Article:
A Pioneer in Tropical Meteorology: William Sharpe's Barbados Weather Journal, AprilAugust 1680

A Pioneer in Tropical Meteorology: William Sharpe's Barbados Weather Journal, AprilAugust 1680 The first barometers in the Americas were provided by the Royal Society of London in 1677 to correspondents in the Caribbean Island of Barbados. Colonel William Sharpe of Barbados was the first person in the Americas to make daily observations of the weather using a meteorological instrument (other than a wind vane) and made the first known measurements of barometric pressure within the circulation of a hurricane on 12 August 1680. His record provides new insight into the early history of the barometer and early perceptions of tropical weather, vindicates the hypothesis that the barometer would prove useful in detecting hurricanes, and contributes to Edmund Halley's understanding of the empirical distinctions between the Tropics and temperate zones. Sharpe's name and contributions, previously unknown to the meteorological community, can now be properly recognized. http://www.deepdyve.com/assets/images/DeepDyve-Logo-lg.png Bulletin of the American Meteorological Society American Meteorological Society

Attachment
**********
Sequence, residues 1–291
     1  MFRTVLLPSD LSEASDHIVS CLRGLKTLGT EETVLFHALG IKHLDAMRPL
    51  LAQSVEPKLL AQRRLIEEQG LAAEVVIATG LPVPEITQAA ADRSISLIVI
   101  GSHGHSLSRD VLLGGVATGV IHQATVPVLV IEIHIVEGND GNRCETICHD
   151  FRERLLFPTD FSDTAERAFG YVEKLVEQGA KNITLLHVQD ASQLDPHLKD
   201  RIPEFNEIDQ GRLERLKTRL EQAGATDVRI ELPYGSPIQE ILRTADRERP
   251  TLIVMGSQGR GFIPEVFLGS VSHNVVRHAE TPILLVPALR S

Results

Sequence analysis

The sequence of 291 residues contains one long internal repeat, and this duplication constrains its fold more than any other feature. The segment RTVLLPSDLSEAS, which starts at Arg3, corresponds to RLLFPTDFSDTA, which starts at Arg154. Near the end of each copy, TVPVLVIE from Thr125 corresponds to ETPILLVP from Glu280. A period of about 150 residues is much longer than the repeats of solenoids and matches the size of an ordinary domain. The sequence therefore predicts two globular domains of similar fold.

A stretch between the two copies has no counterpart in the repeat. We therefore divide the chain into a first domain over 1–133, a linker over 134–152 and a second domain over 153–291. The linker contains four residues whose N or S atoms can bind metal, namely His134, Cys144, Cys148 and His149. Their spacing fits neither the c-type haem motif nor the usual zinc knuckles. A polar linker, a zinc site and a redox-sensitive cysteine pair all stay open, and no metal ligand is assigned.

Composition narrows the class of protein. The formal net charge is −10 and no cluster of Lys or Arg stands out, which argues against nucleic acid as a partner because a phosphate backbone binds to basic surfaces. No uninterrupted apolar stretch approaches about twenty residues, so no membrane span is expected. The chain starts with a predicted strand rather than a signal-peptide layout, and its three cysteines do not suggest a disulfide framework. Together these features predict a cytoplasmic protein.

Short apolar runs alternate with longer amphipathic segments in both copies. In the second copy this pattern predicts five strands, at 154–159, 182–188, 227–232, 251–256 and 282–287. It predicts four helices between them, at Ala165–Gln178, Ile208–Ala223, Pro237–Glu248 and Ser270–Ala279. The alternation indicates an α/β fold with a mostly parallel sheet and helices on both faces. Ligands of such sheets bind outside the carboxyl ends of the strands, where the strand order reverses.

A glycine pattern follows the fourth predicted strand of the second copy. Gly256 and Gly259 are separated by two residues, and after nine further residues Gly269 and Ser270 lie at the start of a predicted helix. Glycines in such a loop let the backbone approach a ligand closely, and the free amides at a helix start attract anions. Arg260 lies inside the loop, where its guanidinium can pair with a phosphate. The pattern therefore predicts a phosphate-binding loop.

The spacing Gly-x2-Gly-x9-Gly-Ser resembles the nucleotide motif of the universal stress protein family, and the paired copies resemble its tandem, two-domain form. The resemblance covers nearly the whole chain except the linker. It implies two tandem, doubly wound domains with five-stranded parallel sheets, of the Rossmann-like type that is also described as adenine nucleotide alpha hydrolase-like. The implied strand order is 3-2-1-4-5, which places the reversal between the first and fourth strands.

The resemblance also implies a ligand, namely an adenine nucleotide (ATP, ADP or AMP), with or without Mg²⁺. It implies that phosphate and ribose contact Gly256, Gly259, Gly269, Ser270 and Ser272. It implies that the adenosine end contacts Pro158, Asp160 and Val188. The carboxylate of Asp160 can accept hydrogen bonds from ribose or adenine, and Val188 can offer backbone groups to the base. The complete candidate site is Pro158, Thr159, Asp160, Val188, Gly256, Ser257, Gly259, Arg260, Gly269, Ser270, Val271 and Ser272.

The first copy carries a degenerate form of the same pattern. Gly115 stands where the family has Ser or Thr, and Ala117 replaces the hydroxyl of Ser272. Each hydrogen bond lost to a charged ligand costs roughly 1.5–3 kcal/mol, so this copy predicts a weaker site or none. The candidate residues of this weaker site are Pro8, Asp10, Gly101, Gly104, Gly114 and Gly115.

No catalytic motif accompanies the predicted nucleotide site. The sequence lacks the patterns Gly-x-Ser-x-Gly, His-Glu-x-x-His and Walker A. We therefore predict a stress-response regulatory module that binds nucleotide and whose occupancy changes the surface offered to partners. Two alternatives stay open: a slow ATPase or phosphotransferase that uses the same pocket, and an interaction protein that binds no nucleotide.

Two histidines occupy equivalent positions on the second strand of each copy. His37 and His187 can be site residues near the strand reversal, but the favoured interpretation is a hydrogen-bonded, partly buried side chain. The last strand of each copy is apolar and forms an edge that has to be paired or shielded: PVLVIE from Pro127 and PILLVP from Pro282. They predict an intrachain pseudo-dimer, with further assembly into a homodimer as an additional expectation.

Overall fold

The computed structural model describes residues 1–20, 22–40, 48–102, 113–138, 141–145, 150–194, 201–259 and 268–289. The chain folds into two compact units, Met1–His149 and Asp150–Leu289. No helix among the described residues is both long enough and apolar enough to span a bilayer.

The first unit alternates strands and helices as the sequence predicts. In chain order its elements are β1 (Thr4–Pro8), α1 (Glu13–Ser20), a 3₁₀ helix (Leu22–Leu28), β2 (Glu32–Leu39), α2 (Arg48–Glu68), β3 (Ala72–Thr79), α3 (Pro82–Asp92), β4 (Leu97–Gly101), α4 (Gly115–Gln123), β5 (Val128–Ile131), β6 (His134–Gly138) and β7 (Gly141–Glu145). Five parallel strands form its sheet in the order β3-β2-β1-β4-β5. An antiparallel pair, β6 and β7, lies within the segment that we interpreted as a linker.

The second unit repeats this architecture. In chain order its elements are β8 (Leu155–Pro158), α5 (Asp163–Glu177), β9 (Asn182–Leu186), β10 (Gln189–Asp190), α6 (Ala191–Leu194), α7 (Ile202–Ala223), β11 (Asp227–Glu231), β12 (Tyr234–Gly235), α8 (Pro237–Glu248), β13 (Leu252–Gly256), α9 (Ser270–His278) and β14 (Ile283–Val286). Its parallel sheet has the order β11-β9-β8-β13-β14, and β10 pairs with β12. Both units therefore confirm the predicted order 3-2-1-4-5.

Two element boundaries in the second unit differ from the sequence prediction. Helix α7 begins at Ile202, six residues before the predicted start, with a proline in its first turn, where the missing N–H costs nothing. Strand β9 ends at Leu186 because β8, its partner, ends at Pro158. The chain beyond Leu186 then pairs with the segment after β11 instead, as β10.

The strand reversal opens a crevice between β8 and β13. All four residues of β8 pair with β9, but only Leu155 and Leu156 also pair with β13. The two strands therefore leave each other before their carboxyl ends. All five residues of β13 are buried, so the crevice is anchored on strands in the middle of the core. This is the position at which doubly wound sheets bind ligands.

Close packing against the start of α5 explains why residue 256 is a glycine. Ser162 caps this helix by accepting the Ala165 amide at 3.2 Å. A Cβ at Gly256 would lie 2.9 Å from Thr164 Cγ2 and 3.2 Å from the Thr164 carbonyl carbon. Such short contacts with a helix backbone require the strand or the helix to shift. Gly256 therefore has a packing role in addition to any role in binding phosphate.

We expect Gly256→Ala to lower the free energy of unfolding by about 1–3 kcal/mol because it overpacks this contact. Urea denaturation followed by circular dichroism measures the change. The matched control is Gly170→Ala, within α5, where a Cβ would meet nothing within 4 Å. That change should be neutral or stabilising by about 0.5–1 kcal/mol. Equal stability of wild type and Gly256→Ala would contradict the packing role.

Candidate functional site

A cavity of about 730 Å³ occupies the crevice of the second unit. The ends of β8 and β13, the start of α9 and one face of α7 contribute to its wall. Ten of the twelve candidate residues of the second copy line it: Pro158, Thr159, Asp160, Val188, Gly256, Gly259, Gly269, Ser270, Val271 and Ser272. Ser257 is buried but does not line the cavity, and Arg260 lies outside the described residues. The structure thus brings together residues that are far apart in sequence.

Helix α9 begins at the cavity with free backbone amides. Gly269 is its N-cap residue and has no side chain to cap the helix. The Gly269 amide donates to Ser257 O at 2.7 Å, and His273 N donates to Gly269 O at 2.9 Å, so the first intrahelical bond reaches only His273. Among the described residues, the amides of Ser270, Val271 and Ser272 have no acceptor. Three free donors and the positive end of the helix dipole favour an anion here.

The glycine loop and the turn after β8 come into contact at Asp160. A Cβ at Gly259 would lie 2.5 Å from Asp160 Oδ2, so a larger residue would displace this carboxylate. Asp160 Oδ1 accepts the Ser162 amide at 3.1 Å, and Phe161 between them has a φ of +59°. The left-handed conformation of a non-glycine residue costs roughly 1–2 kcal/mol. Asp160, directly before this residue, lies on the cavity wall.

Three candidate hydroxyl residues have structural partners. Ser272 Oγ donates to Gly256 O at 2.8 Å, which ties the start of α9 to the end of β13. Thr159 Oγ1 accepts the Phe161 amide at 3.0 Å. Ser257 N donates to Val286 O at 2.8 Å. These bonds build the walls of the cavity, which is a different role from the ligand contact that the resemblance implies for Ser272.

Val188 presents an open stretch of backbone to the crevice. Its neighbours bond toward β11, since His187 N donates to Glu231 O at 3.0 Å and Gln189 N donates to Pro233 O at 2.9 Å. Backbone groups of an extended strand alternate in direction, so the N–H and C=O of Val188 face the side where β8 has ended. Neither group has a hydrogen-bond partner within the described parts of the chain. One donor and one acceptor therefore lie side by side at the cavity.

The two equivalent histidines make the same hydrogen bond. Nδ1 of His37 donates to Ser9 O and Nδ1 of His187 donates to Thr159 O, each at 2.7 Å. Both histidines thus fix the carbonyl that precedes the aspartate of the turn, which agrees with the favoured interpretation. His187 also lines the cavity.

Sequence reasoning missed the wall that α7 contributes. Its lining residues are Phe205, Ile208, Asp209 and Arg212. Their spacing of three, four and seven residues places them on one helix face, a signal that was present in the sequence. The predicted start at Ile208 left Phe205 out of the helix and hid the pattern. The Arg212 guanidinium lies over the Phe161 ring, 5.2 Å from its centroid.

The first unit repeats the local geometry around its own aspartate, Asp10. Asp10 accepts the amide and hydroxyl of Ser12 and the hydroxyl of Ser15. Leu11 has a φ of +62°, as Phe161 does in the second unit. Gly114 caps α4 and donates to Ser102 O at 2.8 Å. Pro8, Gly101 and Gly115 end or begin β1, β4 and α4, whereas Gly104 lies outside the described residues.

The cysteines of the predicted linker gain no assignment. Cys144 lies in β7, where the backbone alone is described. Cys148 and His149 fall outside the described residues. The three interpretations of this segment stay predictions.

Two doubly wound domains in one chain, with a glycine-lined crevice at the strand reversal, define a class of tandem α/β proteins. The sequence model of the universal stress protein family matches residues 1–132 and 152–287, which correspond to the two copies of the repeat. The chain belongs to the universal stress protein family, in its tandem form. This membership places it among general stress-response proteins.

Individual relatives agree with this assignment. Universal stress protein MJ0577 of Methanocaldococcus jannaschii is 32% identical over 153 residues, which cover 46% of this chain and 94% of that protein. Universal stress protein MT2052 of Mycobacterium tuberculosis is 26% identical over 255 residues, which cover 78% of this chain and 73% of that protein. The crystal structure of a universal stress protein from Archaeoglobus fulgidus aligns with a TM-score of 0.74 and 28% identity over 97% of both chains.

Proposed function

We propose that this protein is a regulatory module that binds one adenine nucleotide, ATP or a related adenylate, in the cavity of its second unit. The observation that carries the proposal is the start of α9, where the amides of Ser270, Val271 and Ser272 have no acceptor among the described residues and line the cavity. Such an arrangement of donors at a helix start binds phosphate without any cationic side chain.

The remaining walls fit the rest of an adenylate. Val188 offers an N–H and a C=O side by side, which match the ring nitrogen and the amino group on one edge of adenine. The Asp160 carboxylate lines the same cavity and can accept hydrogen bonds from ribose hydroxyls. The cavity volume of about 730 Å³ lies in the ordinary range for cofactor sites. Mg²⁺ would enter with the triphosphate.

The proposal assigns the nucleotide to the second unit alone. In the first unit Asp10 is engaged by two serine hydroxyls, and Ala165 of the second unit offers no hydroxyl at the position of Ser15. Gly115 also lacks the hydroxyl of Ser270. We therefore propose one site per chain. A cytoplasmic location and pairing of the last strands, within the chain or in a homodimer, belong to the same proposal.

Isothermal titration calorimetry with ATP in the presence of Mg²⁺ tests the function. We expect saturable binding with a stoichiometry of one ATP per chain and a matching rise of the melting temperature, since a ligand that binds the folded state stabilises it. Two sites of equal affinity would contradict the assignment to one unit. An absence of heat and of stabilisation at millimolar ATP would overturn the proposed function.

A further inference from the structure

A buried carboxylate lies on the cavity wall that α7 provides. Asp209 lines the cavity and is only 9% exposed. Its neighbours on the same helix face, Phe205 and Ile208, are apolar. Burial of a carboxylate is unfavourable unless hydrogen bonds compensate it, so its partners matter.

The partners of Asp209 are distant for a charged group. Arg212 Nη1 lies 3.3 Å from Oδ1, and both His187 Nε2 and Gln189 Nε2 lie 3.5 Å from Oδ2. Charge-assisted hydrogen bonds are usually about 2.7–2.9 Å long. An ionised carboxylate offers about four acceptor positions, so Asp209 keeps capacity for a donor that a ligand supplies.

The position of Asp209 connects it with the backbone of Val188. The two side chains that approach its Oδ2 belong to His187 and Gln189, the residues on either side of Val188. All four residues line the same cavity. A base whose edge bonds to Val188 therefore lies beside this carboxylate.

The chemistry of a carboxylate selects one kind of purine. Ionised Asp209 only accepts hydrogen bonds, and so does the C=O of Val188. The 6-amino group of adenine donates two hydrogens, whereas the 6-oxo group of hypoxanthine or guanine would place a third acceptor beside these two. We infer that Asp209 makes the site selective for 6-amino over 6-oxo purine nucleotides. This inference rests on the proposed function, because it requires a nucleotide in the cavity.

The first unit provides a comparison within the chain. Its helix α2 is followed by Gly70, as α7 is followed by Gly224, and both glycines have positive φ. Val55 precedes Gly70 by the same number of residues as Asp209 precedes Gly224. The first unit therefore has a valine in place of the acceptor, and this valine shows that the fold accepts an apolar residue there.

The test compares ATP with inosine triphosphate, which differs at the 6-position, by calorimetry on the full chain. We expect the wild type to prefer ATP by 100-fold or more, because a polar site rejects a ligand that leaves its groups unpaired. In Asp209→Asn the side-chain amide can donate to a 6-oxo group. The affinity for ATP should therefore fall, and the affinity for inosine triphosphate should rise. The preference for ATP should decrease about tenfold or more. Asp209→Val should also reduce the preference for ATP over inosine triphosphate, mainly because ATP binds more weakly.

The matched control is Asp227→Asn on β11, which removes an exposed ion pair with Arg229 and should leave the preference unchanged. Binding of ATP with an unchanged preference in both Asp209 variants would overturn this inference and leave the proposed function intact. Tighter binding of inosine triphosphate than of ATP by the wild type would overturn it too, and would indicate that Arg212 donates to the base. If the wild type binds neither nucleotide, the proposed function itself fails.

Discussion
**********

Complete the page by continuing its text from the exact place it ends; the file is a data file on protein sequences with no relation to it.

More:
A Pioneer in Tropical Meteorology: William Sharpe's Barbados Weather Journal, AprilAugust 1680

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Publisher
American Meteorological Society
Copyright
Copyright © American Meteorological Society
ISSN
1520-0477
D.O.I.
10.1175/BAMS-88-12-1957
Publisher site
See Article on Publisher Site

Abstract

The first barometers in the Americas were provided by the Royal Society of London in 1677 to correspondents in the Caribbean Island of Barbados. Colonel William Sharpe of Barbados was the first person in the Americas to make daily observations of the weather using a meteorological instrument (other than a wind vane) and made the first known measurements of barometric pressure within the circulation of a hurricane on 12 August 1680. His record provides new insight into the early history of the barometer and early perceptions of tropical weather, vindicates the hypothesis that the barometer would prove useful in detecting hurricanes, and contributes to Edmund Halley's understanding of the empirical distinctions between the Tropics and temperate zones. Sharpe's name and contributions, previously unknown to the meteorological community, can now be properly recognized.

Journal

Bulletin of the American Meteorological SocietyAmerican Meteorological Society

Published: Dec 22, 2007

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